Kim Novak, Lana Turner, Beryl Lane.
No, just having you on.
Beryl Lane is no star from the fifties,
The fifties long gone.
Nor is she the sister of a Beatles’ song,
Nor the ghost of an old friend,
That comes to mind again one evening
After half a bottle of wine,
When the memory leaves you sad and hollow.
No, Beryl Lane was pointless work,
And now let me explain.
Beryl Lane is nothing more
Than the name of a road near school,
A steep hill, far too steep, I remember.
“And then you run up Beryl Lane and down Little Entry”
Said the master,
And we, cold in white T-shirts,
In 58 or 59,
And in the rain of mid-November,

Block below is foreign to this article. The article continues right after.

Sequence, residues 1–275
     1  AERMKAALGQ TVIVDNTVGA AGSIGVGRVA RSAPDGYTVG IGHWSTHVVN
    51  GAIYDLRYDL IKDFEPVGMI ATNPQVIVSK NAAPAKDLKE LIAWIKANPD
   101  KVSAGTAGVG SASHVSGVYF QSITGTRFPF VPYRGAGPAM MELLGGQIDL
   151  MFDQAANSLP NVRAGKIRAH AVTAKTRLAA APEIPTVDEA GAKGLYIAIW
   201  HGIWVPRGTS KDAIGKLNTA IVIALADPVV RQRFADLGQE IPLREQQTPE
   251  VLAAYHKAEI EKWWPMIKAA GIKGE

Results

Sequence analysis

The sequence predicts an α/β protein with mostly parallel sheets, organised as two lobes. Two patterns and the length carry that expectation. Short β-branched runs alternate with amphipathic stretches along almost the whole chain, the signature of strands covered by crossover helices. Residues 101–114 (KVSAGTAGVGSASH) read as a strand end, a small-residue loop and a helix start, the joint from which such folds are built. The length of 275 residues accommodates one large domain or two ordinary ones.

Started off on our cross-country run.
Exhausted with the stitch,
For this part came near the end,
We reached the foot of Beryl Lane,
But there was the mouth of Little Entry,
Just a stone’s throw away.
It would be the work of a moment,
Just a moment to jog over there,
To miss the steep climb up the hill
And then back down again.
After all, such activity
Was for the grand old Duke of York.
The master on duty saw to it,
As he saw to everything,
For nothing escaped his notice,
That we ran up Beryl Lane,
And then left into Little Entry at the top
And down again to where we’d been before.
Up the hill and down again,
Would that really make us better men?
It must have all become ingrained
For often since,
Just as we did so long before,
At so many moments,
With no master there at all,
Have I run up Beryl Lane,
And down Little Entry once more.